Chutzpah — “the world’s first Jewish hip hop supergroup” — is roughly what you would expect a Jewish novelty hip-hop group to be, provided you didn’t think too hard: On its newly released, eponymously named album the group raps about Hanukkah and about nagging mothers, throws in a smattering of Yiddish and peppers its lyrics with references to “the Tribe.”
What’s that you say? Jewish rap has been done? Well, let’s see: There’s been 2 Live Jews, Members of the Tribe, 50 Shekel (who now goes by his given name, Aviad Cohen), reggae rapper Matisyahu and a few score others. (And of course, long before any of them, there were the Beastie Boys.)
But wait, wait. These Jewish rappers know celebrities. Their mockumentary DVD, “Chutzpah — This Is?” includes appearances by Gary Oldman, Sharon Osbourne and ’80s heavy metal band Def Leppard’s Vivian Campbell. It features George Segal as rap pioneer Dr. Dreck. (Segal does not actually rap with Chutzpah.)
The group’s three permanent members are Master Tav, MC Meshugenah, and Jewdah (born as Tor Hyams, Jerran Friedman, and David Scharff, respectively). Hyams brought in the celebrities from his career as a film composer, songwriter, record producer and Los Angeles preschool father.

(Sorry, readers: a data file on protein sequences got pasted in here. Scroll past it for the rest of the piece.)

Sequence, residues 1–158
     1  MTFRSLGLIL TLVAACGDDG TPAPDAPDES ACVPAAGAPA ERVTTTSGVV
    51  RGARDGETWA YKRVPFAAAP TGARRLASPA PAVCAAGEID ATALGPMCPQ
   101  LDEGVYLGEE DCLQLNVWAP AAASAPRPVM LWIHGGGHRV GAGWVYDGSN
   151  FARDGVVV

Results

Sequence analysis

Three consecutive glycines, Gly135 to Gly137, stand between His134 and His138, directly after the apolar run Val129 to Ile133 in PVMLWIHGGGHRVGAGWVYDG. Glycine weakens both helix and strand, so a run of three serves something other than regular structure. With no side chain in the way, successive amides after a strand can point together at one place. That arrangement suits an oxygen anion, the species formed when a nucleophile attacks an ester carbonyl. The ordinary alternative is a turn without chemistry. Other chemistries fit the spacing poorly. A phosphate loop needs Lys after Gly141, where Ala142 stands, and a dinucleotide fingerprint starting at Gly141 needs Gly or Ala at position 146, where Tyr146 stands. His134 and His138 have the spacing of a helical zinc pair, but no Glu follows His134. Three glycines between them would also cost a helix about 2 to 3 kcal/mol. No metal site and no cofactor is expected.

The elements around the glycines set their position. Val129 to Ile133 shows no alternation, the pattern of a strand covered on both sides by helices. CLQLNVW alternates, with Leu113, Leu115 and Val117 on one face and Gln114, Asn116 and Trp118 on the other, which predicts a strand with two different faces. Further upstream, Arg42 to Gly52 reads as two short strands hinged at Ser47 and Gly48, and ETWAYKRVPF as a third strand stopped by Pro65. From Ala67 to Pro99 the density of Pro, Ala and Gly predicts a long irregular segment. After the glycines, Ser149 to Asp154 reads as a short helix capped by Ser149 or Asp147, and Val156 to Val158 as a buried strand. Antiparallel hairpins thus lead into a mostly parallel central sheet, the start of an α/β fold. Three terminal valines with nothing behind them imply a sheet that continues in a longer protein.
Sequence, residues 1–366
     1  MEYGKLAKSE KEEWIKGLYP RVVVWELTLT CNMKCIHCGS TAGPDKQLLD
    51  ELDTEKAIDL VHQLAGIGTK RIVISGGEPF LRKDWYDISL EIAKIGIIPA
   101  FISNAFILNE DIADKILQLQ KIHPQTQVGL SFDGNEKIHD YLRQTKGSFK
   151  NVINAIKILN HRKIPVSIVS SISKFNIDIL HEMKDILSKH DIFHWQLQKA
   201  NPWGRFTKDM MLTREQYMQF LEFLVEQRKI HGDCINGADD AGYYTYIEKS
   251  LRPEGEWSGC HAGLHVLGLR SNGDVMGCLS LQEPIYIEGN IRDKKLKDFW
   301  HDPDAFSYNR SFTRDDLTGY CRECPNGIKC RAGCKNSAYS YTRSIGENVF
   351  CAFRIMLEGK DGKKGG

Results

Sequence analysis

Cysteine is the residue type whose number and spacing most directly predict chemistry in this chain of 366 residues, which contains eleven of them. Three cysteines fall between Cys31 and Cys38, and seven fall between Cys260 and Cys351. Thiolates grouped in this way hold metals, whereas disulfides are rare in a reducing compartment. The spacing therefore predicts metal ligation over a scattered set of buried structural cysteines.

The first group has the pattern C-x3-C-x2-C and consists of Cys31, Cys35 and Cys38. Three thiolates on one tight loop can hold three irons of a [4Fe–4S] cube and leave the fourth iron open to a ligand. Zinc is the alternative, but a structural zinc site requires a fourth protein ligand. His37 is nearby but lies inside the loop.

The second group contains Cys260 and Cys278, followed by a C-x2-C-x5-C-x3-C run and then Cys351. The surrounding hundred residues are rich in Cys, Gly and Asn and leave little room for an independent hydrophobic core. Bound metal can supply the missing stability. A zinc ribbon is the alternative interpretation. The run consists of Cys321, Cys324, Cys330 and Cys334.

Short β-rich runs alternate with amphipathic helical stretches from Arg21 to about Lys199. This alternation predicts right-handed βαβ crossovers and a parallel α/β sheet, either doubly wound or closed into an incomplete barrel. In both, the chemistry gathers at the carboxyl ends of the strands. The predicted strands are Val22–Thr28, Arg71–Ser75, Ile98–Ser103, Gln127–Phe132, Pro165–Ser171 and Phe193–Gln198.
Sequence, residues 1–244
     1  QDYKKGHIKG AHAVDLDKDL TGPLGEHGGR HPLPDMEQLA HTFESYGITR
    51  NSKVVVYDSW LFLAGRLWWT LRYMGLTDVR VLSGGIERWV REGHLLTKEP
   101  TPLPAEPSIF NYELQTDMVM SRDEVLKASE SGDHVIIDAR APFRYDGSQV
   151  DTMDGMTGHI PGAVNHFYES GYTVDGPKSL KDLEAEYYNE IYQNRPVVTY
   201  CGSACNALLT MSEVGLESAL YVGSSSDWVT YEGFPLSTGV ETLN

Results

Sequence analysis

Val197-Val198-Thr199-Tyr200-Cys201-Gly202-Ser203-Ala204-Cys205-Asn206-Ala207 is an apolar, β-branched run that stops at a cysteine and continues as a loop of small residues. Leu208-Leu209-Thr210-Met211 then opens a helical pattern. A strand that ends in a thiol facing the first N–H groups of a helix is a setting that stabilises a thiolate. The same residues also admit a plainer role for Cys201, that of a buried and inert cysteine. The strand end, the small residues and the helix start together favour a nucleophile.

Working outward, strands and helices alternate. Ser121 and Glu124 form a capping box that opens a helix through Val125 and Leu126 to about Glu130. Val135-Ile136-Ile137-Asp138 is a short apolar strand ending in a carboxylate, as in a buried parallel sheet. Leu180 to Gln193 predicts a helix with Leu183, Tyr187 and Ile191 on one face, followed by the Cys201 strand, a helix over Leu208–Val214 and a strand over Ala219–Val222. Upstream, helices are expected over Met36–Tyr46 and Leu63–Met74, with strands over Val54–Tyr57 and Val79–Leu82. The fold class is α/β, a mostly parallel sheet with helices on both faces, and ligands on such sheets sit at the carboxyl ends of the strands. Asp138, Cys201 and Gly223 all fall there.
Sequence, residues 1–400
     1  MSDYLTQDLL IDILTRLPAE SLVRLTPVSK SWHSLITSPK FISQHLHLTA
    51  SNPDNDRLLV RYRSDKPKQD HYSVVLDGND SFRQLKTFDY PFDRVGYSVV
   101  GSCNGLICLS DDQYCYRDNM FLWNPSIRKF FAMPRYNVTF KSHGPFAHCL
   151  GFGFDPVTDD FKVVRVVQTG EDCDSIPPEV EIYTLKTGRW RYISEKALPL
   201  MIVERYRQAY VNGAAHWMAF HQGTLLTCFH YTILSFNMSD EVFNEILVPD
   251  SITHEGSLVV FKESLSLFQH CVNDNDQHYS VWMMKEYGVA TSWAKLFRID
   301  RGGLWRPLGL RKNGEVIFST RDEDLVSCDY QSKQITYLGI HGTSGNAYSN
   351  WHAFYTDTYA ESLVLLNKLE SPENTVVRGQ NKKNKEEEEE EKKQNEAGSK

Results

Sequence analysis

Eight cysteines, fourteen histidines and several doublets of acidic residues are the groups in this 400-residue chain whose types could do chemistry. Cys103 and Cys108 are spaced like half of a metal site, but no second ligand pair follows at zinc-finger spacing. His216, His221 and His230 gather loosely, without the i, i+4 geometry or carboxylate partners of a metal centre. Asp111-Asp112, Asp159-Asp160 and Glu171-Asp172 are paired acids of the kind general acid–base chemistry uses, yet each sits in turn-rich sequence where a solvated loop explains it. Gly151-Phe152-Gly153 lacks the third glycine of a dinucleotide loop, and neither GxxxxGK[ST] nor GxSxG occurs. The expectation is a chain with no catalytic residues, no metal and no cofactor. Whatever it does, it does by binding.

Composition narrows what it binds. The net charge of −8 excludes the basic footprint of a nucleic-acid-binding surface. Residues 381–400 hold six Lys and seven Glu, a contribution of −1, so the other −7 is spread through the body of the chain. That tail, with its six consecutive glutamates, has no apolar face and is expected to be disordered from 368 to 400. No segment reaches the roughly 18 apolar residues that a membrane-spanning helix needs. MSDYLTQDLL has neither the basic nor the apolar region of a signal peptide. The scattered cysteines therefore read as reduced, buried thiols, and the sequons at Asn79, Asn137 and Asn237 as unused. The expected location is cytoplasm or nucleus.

He insists that Chutzpah is not just a novelty group: “Isn’t that racist? Why can’t Jews rap?” Rather, Hyams said, Chutzpah uses humor to convey a serious message. The message? “It all comes down to One Tribe.” In other words, Jewish unity, human unity, etc.
Serious or not, Chutzpah’s message is finding an audience. The group’s music video for “Chanukah’s da Bomb” is now appearing on MTV Online and on Video on Demand; Chutzpah is touring venues around the country, and, in perhaps the group’s surest sign of success, has been hired to play at a fancy bar mitzvah on New York’s Upper East Side.
Chutzpah’s rise confirms Hyams’s original instinct on entering the Jewish hip-hop world: “I felt like I was better than anything I had heard.”
Now that’s chutzpah.